I mentioned how I kept five bins when going through each room & closet:

  • Keep
  • Donate
  • Sell
  • Goes Elsewhere, Etc.
  • Trash & Shred

tips-for-selling-anything-onlineLet me share more in depth about how I sold nearly everything online. The pictured stuff above and below is only about half of the furniture and items we’ve sold over the past six months.

sell-your-unsused-items-and-stuff-online-for-cashBefore you even start listing online, here are a few things to keep in mind:

  • It’s important to get a good clear photo of the item you’re trying to sell. Every photo shown above was taken with my iPhone using the square setting. That helped to crop out anything that could potentially be distracting in the background.
  • Try taking your photos during the day using natural light. Using natural lighting can make a big difference and will accurately show the colors — better than if you were to take photos at night with a flash.
  • Take measurements of what you’re selling and feature any highlights that buyers may not know. For example, if you only show the front of a standing tower fan, the buyer might not know that the fan has a remote and multiple speeds.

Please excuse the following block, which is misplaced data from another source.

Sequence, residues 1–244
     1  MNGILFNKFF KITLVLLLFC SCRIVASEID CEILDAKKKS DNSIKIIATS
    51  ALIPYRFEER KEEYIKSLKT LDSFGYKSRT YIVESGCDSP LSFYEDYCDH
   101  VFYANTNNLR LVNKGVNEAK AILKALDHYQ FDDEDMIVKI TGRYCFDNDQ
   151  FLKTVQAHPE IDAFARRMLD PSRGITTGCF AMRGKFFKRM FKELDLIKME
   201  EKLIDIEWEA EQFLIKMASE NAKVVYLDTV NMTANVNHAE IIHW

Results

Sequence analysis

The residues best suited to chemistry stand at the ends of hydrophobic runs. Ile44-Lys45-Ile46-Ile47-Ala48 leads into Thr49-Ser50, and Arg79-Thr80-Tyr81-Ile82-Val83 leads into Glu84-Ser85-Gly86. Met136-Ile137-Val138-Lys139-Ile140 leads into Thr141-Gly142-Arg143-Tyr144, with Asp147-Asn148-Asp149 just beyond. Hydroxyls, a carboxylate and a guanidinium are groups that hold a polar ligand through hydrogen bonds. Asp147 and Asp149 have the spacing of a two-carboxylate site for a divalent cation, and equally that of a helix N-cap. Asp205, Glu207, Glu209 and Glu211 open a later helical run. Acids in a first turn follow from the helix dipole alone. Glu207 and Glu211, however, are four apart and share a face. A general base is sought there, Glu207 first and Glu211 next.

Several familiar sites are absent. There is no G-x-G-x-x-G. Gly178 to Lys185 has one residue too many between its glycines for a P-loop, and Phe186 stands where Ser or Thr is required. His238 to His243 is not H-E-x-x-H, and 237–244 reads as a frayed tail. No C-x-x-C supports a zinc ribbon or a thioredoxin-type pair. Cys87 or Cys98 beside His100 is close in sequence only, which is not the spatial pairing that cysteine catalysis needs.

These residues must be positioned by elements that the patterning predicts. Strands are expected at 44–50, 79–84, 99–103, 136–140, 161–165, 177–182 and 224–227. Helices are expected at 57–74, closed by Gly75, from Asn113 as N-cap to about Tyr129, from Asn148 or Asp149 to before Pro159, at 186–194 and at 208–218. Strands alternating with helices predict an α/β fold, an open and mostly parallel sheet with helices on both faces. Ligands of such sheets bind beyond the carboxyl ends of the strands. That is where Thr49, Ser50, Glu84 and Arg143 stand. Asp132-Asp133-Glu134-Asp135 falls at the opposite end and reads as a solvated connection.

• Be upfront and list the condition the item is in. Are there scratches? Is a piece missing?
  • Lastly, if the item is sold in stores, sometimes it’s nice to share a link of where you purchased what you’re trying to sell so buyers can see a detailed product description and more photos. Giving the buyer as much information up front as possible helps everyone out.
  • Stay reasonable with your pricing. You can always start higher, but be willing to negotiate just as you would at a yard sale.
  • If you have multiples of the same thing, such as a lot of children’s shoes in one specific size or a bunch of onsies, think about grouping those items together. It takes less time and if someone is interested in one of the items, the probability that they’re interested in all the items is likely. You could also give an option to buy the items individually, but give a discount if all are purchased together.

The next step is deciding what site you’re going to use to list your items.  I used 3 different sites depending on what it was I was selling: Facebook, Craigslist & Amazon.

Selling on Facebook:

This is definitely my favorite resource to sell online because you can find buyers who live within the same neighborhood. You can also join groups that exclusively sell certain items, such as furniture or pet supplies. Having a full name and photo associated with the buyer is also a huge bonus!

If you live in Cincinnati, there are at least a dozen different groups you could join:

If you’re not in the Cincinnati area, just search for “Buy, Sell & Trade” groups or “Online Yard Sale” groups in your area. There are similar groups in almost every city, big or small.

What can you sell on Facebook?

Just about everything.

Facebook groups are great for selling bigger items that you don’t want to ship. If you’re unable to deliver the item to the buyer, make sure you state that the item will need to be picked up when listing it.